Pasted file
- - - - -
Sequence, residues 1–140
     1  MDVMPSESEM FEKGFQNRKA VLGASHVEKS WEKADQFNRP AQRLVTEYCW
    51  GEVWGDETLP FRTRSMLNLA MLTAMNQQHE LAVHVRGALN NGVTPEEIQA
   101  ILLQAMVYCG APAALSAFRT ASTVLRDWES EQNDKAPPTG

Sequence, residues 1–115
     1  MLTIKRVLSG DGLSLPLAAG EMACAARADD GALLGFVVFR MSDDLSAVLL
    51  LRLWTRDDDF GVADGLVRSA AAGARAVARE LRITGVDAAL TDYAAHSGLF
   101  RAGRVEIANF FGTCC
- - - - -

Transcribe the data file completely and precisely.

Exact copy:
Sequence, residues 1–140
     1  MDVMPSESEM FEKGFQNRKA VLGASHVEKS WEKADQFNRP AQRLVTEYCW
    51  GEVWGDETLP FRTRSMLNLA MLTAMNQQHE LAVHVRGALN NGVTPEEIQA
   101  ILLQAMVYCG APAALSAFRT ASTVLRDWES EQNDKAPPTG

Sequence, residues 1–115
     1  MLTIKRVLSG DGLSLPLAAG EMACAARADD GALLGFVVFR MSDDLSAVLL
    51  LRLWTRDDDF GVADGLVRSA AAGARAVARE LRITGVDAAL TDYAAHSGLF
   101  RAGRVEIANF FGTCC